Written by Maria Newman and Christine Hauser and Originally Published in The New York TImes on February 6, 2007
The police in Orlando, Fla., filed attempted murder charges today against Capt. Lisa Marie Nowak, a NASA astronaut who the authorities say attacked a rival for another astronaut’s affection at Orlando International Airport on Monday after driving more than 900 miles from Houston to meet her flight.
Captain Nowak, a Navy captain who flew on a shuttle mission last summer, was originally arrested on attempted kidnapping and other charges, and a judge initially set a $15,500 bond at a court session this morning.
But this afternoon, the police filed the new charges against her, saying they had evidence that Captain Nowak intended ”to do serious bodily injury or death” to Colleen Shipman, a captain in the Air Force, because she considered Captain Shipman to be a rival in her romance with a fellow NASA astronaut, Cmdr. Bill Oefelein.
When the police arrested Captain Nowak, they found in her possession a steel mallet, a buck knife with a four-inch blade, a BB gun and a map to Captain Shipman’s house, they said.
Captain Nowak’s lawyer argued this afternoon that prosecutors and the police did not have enough evidence to back up the more severe charges, but were only trying to persuade the judge to order Captain Nowak to remain in custody.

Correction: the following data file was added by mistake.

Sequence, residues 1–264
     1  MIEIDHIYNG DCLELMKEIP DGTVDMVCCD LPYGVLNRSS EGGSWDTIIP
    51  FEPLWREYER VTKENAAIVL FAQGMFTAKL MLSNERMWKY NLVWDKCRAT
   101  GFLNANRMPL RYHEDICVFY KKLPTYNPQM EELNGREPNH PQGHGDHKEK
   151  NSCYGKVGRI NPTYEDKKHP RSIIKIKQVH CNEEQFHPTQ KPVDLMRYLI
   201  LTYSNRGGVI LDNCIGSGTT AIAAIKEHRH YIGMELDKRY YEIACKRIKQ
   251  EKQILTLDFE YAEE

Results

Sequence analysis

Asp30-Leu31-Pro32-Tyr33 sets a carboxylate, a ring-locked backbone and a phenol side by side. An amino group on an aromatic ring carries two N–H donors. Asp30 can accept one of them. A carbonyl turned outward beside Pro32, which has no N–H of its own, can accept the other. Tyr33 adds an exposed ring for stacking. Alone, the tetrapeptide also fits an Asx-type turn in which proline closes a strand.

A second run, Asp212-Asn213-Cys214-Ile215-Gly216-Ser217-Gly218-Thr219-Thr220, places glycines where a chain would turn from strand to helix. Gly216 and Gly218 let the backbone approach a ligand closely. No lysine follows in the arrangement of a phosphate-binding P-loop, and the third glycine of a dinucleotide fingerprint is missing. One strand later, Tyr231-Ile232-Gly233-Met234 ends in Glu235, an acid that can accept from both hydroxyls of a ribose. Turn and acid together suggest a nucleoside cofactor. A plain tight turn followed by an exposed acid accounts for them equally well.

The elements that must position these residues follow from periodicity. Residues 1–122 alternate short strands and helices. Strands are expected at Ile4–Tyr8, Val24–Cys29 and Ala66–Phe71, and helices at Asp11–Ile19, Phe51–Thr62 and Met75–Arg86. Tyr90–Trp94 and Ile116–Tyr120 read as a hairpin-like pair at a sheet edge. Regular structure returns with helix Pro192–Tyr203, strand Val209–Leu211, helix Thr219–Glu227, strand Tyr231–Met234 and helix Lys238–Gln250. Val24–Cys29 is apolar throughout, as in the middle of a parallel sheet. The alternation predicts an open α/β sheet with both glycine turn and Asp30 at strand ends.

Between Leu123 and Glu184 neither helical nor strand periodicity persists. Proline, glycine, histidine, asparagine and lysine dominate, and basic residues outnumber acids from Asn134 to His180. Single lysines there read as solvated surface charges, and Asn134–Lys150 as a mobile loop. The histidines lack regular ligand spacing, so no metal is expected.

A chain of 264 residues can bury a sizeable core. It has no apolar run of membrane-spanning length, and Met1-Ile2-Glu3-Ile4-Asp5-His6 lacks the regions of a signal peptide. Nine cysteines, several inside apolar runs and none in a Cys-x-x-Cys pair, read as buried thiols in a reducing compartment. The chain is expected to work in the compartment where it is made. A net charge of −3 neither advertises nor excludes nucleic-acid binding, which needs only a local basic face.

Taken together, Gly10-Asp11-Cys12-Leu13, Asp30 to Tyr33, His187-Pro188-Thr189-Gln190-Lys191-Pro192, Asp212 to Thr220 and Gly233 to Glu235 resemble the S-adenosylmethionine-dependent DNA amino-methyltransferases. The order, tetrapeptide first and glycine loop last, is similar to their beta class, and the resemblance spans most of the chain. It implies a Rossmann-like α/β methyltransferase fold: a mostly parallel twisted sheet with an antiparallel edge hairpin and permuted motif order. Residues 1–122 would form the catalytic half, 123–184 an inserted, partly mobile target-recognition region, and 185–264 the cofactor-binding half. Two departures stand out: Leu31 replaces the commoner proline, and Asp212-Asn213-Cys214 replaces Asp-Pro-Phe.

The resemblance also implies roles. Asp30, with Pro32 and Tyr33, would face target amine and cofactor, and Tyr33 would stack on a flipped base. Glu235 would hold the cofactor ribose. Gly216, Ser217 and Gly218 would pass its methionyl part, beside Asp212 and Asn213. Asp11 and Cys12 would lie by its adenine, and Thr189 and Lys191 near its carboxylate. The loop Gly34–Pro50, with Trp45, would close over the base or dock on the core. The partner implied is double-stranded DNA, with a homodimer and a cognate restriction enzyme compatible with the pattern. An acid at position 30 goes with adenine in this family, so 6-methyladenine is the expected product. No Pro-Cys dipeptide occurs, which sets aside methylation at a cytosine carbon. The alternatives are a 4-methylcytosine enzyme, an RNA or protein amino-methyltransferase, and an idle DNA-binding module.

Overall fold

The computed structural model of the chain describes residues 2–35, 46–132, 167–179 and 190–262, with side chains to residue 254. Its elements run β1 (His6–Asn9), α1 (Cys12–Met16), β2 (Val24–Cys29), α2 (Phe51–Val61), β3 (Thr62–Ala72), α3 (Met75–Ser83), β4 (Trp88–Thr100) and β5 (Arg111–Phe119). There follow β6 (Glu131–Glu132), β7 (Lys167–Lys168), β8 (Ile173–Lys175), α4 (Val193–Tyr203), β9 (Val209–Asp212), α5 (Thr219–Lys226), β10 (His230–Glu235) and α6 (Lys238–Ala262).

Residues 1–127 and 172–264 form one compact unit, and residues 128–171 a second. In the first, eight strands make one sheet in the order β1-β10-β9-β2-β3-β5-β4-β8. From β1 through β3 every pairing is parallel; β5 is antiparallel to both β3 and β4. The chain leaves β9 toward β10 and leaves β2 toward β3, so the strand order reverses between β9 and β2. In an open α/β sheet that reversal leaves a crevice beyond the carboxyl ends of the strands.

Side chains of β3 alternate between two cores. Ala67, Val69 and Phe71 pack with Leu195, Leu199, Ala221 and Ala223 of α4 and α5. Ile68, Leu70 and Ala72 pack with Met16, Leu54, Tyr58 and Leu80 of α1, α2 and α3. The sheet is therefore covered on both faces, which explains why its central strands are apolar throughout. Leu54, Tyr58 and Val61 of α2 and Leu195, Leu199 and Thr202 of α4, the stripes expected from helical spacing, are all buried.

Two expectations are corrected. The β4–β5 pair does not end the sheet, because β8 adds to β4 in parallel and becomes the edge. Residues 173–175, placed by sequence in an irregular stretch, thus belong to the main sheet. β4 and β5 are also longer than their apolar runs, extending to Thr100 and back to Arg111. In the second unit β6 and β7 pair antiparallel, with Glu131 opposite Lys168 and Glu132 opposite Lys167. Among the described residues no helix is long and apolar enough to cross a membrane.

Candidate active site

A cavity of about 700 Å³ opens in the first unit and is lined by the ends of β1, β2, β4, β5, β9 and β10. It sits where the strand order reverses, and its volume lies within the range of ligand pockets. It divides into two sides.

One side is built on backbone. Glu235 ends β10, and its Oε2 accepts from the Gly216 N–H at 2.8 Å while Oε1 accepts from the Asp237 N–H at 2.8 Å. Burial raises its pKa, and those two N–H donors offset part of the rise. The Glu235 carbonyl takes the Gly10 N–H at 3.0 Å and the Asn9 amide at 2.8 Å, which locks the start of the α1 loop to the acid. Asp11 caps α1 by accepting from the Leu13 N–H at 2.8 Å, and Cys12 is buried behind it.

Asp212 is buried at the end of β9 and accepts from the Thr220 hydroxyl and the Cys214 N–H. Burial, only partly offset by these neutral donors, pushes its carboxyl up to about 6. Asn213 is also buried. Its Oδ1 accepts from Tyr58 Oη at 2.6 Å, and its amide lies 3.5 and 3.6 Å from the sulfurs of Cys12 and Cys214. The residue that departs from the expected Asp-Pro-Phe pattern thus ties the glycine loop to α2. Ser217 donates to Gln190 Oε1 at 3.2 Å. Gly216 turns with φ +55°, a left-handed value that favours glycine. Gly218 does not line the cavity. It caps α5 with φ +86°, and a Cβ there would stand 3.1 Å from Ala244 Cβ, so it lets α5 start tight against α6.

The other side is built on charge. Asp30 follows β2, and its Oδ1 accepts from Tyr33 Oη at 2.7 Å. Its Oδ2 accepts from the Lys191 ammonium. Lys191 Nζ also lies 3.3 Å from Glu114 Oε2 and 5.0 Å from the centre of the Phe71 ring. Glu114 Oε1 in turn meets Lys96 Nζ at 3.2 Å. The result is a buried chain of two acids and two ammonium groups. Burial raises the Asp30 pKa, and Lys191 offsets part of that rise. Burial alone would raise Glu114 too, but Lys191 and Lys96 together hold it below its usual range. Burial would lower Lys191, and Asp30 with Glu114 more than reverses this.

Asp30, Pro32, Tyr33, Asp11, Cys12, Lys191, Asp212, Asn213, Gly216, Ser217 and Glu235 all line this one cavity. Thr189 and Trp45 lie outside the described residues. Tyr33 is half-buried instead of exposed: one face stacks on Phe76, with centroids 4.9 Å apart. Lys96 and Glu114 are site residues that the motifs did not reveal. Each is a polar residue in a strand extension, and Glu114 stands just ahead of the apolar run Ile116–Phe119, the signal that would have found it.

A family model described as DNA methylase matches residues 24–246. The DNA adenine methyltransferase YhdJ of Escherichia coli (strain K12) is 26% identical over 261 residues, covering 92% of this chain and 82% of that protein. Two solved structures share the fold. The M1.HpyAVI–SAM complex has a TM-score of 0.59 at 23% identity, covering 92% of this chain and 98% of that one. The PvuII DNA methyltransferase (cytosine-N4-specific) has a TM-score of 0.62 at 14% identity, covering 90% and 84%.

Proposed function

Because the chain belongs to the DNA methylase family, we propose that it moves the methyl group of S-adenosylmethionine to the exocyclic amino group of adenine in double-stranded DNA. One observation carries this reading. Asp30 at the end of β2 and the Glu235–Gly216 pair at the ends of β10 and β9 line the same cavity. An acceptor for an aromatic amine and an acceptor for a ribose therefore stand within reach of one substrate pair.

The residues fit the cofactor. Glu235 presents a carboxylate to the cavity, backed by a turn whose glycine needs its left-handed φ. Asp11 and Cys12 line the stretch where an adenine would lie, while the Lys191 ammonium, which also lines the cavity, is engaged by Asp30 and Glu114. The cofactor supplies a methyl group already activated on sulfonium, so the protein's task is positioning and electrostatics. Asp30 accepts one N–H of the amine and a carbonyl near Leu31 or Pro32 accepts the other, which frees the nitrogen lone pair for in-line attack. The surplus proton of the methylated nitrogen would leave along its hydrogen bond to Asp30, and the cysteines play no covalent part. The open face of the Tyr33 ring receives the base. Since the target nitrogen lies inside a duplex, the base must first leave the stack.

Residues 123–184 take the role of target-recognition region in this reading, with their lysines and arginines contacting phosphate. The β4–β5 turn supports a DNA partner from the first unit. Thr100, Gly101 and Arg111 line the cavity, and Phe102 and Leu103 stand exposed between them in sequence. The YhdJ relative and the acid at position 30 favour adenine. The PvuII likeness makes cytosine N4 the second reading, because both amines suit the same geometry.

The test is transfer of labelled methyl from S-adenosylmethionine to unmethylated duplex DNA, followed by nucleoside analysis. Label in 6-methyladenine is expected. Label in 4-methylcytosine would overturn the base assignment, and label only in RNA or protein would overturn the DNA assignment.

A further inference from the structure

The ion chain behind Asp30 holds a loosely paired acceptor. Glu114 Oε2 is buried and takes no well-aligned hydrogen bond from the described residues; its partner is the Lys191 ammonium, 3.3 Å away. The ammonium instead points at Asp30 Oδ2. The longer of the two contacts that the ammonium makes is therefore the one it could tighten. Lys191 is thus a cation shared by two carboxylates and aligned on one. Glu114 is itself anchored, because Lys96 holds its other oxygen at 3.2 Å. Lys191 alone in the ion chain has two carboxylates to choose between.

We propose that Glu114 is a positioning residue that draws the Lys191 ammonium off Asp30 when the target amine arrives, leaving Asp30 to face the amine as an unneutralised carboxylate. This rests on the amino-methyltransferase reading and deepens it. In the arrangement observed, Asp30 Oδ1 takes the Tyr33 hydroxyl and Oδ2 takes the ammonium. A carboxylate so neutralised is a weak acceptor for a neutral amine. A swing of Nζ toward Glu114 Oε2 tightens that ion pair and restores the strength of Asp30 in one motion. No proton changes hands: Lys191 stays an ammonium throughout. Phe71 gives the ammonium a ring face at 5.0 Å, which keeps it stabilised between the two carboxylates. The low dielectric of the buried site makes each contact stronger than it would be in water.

The judge increased the bond for Captain Nowak by an additional $10,000, which would still allow her to go free pending her trial. But the judge said Captain Nowak would have to wear an electronic tracking device and ordered her to stay away from the woman she is accused of trying to harm, Colleen Shipman, a captain in the Air Force.
According to the police, Captain Nowak drove more than 950 miles from Houston to Orlando to meet with Captain Shipman, who was flying from Houston to her home in the Orlando area at the same time — because she wanted to confront Captain Shipman after discovering that she too was involved with Commander Oefelein.
Captain Nowak, 43, was wearing a trench coat and wig when she was arrested early Monday morning. She told the police she had worn diapers on the journey so that she would not have to stop to use the restroom so she could arrive in time to meet Captain Shipman’s flight at the airport.
The police also found a knife, BB pistol, and latex gloves in her car, a police affidavit said.
In the morning court session, Captain Nowak mostly kept her head down during her preliminary appearance. But she nodded and said “yes” a few times when the judge explained that she was not to have any contact with Captain Shipman. Captain Nowak and Commander Oefelein are listed on the NASA Web site among the 97 active duty astronauts.
A NASA official told the court today that before the incident, the two women did not know each other. A biography of Captain Nowak on the NASA Web site says that she is married with three children. Captain Shipman is an engineer assigned to the 45th Launch Support Squadron at Patrick Air Force base near the Kennedy Space Center in Florida, base officials said.
Captain Nowak’s superior at NASA, Steve Lindsey, and a fellow astronaut, Chris Ferguson, both appeared on in court this morning on her behalf. The men flew to Orlando, they told reporters, to support Captain Nowak and as representatives of NASA.
"We’re here supporting Lisa,” said Colonel Lindsey, who said he has known her for 11 years. “Our primary focus is her health and well-being and taking care of her and keeping her safe and getting her with her family so they can deal with this very private and difficult matter.”